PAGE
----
Devin
 

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Discussion Starter #11
In my experience another thing that kills them is just plain sitting, and not necessarily for a long time.
I had a Chevy 1500 1/2 ton, dead pump after sitting a few years, with a full tank.
This car probably sat for a few months while the estate was settled, I got about five hundred miles out of it before the pump died today.
I'm done, no more of these, ever.
 

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I don’t think a pump that made it 30 years/100k miles would be considered bad engineering.

one thing a lot of people don’t realize is that age not just mileage becomes an issue with vehicles.
 

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I don’t think a pump that made it 30 years/100k miles would be considered bad engineering.
one thing a lot of people don’t realize is that age not just mileage becomes an issue with vehicles.
I do not think it is about the Pump dieing

I think it is about there not being a Access Panel to get at the Pump to Replace it
 

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Discussion Starter #14
Exactly right!
This will be the Ninth time I will have replaced a lousy in-tank pump.
Out of Eleven vehicles that used them.
Only a Honda and a Range Rover ever had an access panel, the Ford truck I did required new pumps for each tank, and both had to be dropped.
In the beginning maybe they really did not know any better, but by 1991 there is no excuse.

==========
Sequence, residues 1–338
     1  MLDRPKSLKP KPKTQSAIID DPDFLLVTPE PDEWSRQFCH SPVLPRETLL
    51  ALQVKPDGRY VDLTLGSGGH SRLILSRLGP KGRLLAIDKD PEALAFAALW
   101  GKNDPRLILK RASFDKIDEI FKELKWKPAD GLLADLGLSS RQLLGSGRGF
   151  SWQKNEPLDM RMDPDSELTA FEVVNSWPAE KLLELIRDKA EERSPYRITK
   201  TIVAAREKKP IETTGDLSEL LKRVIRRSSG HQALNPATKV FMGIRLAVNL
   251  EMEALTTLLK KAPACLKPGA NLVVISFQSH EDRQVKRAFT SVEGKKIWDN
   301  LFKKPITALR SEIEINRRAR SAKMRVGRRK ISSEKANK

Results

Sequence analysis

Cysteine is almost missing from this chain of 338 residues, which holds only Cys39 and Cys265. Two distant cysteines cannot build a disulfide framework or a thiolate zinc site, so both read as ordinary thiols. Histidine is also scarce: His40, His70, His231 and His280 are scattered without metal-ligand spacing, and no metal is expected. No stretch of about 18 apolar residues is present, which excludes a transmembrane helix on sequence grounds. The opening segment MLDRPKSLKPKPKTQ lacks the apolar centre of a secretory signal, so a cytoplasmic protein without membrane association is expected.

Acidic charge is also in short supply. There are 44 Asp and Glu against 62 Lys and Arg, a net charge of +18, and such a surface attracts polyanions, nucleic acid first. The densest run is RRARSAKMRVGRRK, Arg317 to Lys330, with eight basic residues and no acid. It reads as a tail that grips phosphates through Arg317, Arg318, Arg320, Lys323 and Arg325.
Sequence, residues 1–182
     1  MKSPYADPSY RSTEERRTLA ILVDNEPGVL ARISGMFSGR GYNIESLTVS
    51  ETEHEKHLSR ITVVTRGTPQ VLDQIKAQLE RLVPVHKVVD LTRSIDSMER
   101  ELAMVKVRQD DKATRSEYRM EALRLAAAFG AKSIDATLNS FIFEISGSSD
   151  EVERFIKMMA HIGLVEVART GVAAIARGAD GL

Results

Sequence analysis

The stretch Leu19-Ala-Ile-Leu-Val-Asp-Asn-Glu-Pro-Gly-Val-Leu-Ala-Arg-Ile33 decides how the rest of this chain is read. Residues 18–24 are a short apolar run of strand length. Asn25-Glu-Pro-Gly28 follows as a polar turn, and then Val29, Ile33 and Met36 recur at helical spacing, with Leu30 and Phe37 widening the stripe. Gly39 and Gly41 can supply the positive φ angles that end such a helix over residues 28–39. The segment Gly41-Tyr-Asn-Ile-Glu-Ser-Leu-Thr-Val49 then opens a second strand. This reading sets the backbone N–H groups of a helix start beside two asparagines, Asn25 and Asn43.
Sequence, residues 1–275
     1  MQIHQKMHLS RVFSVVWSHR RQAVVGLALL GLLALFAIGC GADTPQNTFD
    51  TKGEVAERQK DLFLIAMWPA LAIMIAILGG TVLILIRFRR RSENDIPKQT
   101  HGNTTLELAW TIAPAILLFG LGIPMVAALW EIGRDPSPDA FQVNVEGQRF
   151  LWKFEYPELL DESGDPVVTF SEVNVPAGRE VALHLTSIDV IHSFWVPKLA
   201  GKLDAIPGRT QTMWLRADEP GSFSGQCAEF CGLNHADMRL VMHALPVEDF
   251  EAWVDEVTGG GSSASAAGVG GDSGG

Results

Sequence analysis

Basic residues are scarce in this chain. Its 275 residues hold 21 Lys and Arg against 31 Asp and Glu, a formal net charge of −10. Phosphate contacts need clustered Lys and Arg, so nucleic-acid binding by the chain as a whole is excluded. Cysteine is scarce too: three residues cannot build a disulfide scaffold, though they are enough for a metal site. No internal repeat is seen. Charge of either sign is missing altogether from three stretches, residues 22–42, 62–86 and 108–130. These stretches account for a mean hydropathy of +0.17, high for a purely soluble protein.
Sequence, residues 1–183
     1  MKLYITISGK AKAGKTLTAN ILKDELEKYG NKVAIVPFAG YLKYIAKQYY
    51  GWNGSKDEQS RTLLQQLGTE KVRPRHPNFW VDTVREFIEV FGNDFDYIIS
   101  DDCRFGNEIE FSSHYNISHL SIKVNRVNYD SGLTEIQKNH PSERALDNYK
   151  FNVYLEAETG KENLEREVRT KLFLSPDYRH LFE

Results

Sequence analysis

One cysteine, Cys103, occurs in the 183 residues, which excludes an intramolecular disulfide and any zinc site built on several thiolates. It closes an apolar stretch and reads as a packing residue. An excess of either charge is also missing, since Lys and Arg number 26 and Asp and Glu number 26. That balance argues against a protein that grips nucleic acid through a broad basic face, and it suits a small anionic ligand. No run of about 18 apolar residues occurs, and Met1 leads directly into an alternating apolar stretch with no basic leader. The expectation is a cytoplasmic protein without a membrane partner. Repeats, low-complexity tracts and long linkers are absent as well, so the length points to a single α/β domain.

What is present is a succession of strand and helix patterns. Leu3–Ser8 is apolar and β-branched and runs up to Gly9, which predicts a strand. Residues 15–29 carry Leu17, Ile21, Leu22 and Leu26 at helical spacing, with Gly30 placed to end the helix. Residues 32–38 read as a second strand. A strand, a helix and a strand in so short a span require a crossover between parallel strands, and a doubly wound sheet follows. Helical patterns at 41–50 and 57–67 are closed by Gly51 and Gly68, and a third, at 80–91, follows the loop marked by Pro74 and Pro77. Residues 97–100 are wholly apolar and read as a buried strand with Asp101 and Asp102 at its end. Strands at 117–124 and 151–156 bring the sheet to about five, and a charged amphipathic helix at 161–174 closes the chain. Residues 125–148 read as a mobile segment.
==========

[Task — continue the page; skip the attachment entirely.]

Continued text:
Third time for GM products!
 

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Cut the hole and save yourself the headaches... Good engineering comes from people who can look ahead to the issues that will rise up due to that engineering...Sales on the other hand will override this thinking...They don't want you to own a car for 20 plus years.
My dodge truck same thing...either take the tank out OR take the box off..It was easier to remove the box than the tank...
Coulda Shoulda Cut the hole...but didn't
 

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Just out of interest would it be possible to fit an aftermarket pump and leave the faulty pump in the tank ? or would the fuel be restricted by the old pump in some way .
 

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Discussion Starter #17
If the old pump would not be a restriction I would have just added an external pump.
Pretty certain the old pump would restrict the flow too much.
 

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Many times the line from the pump or to the pump gets a crack in it sucking or pushing air.

I have cut many access panels for many things.
My 1995 corolla has a panel from factory and when it had 225,000 miles on it the pump died.
I still have the car now with 346,000 miles on it and still has original coolant hoses and original vacuum lines.
Only line I have replaced was PCV.
I keep the engine clean and no oil on stuff especially rubber.

My Ford escort had an access panel.

I really get earked at GM and other manufactures for the stupid stunts they pulled.
 

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Cut the hole and save yourself the headaches... Good engineering comes from people who can look ahead to the issues that will rise up due to that engineering...Sales on the other hand will override this thinking...They don't want you to own a car for 20 plus years.
My dodge truck same thing...either take the tank out OR take the box off..It was easier to remove the box than the tank...
Coulda Shoulda Cut the hole...but didn't
That's what I do. Out of warranty of course.
My 90 silverado has an access hatch in the bed under the bed liner. The 96 silverado hasn't been done yet. When I have to drop that tank, that's when the hatch install will happen.
 

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My neighbors pump just went on their 2014 camaro. I couldn’t find an access plate in it. Good ol gm.